During the period of 1801-1817, the clash of the Republican views on the constitution were argued against the opinions of the Federalist. The Republicans believed in interpreting the constitution strictly, meaning that Congress or the President define the constitution as is- word for word, while the Federalist party held the opinions of broad constructionists, that Congress or the President had the right to interpret the constitution based on connotation. The Jeffersonian Republicans are usually characterized as strict constructionists who were opposed to broad constructionism of the Federalists. During the presidencies of Thomas Jefferson and James Madison, this characterization is only true to a certain extent because despite their opposition against broad constructionism, they both found the need to follow the Republican path when stepping up to power as President.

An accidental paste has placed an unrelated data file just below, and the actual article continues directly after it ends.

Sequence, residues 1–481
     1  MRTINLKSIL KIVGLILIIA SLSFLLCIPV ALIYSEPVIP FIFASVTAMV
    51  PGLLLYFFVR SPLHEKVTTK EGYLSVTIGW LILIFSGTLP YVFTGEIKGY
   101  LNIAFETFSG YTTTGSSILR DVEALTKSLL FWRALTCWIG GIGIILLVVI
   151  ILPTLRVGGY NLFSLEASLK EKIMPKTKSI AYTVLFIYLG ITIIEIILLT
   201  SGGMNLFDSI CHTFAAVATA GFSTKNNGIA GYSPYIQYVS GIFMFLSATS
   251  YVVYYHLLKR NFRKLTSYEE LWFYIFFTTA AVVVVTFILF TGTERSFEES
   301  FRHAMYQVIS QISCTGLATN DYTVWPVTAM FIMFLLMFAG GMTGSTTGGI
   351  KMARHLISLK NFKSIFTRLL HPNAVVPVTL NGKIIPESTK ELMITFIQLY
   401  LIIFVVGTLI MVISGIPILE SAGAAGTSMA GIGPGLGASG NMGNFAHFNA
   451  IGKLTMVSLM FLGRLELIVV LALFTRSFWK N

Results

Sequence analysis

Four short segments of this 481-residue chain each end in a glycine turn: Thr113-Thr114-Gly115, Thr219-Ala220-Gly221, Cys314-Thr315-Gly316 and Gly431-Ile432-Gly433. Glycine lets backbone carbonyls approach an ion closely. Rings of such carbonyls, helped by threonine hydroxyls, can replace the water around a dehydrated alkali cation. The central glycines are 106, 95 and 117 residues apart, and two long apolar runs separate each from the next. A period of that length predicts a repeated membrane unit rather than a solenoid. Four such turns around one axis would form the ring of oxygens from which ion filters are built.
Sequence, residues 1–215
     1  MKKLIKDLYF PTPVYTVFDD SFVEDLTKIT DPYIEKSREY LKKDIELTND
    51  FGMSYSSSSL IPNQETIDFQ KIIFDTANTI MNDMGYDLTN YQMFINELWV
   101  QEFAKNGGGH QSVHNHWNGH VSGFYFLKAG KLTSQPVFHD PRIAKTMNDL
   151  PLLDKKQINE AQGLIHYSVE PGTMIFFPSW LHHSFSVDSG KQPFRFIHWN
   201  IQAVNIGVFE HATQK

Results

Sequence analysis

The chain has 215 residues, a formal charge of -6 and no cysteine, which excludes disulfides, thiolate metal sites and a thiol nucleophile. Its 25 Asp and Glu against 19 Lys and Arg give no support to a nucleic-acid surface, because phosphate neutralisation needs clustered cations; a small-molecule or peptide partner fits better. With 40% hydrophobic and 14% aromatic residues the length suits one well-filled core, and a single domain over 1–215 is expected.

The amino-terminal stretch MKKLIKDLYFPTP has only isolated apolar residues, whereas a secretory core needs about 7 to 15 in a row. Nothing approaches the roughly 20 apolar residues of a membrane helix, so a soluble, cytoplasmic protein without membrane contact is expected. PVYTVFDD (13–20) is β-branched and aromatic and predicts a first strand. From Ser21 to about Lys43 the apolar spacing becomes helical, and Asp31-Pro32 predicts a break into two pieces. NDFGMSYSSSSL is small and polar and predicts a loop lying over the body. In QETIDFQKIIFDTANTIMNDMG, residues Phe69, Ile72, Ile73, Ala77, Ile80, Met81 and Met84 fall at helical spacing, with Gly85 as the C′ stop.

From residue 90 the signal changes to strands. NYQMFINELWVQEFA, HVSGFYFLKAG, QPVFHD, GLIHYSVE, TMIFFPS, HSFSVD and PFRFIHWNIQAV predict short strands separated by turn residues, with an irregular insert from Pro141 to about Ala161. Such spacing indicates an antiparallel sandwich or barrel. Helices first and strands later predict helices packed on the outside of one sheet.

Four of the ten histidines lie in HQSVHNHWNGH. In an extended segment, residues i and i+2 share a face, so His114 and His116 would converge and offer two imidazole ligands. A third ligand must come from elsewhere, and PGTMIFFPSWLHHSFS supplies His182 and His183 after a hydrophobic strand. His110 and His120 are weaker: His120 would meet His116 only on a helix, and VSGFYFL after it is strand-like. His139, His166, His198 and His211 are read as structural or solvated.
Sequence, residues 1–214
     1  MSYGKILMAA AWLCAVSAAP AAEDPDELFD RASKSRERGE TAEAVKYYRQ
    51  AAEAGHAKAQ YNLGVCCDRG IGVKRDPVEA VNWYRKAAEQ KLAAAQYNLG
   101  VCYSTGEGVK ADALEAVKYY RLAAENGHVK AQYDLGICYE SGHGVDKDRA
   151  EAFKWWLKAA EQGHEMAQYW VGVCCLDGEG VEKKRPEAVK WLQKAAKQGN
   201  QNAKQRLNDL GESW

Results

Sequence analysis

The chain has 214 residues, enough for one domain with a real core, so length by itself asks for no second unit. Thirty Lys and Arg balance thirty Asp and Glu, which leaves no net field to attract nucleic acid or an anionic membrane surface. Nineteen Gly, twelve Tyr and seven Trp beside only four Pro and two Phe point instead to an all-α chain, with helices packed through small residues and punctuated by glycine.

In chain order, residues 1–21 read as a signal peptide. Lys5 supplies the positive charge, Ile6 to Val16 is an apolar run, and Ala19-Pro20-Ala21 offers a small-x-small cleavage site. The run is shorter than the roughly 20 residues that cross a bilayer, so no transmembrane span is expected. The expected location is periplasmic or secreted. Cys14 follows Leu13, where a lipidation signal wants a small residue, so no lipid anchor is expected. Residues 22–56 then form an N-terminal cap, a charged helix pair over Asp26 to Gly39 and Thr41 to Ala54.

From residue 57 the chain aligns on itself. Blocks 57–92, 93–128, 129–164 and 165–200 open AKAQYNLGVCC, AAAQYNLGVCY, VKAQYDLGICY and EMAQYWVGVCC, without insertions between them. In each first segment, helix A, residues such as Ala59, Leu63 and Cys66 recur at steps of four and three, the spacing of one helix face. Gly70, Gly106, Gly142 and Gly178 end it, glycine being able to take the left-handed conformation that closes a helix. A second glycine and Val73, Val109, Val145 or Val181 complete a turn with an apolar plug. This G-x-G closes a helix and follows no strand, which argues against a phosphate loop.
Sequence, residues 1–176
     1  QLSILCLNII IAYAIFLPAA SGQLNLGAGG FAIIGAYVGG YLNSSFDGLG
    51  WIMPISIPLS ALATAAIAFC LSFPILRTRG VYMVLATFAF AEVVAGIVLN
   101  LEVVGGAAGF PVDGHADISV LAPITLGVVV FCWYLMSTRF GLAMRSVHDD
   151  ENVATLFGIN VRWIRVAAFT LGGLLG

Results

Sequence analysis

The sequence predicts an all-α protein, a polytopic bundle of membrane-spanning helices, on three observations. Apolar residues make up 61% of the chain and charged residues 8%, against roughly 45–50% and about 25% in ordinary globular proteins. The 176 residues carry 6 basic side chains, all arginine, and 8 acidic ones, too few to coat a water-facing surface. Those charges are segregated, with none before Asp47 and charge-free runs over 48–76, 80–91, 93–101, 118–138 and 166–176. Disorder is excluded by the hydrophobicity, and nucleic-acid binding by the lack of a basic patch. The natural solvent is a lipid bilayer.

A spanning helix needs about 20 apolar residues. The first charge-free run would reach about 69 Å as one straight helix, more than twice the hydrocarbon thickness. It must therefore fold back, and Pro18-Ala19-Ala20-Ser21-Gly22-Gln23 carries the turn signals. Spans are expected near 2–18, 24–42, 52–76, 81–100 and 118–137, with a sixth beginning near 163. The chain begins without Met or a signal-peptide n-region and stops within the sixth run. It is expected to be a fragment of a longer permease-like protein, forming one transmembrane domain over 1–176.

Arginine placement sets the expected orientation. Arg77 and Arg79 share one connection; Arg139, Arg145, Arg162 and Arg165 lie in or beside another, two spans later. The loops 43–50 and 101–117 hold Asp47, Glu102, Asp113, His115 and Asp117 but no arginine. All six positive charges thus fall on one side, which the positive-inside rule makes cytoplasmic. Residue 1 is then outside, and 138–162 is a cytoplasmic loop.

There is proof that Jefferson can be verified as a strict constructionist. In document B, Jefferson states to Samuel Miller that, "I consider the government of the United States as interdicted by the Constitution from intermeddling with religious institution, their doctrines, discipline, or exercises- Jefferson believed that certainly no power should decree any religious action, or to assume authority in religious discipline. Jefferson believed that the President of the U.S. had no authority to direct the religious exercises of his constituents. .
Thomas Jefferson had the characteristics and beliefs of strict constructionists, but he also needed the help of broad constructionism. For example, when Jefferson was president, his two basic political doctrines were strict affiliation to the letter of the Constitution and severe economy in spending public money. However, events in Europe caused him to stretch the Constitution as he had never thought would be necessary, and at one stroke to spend more money than any Federalist had dared.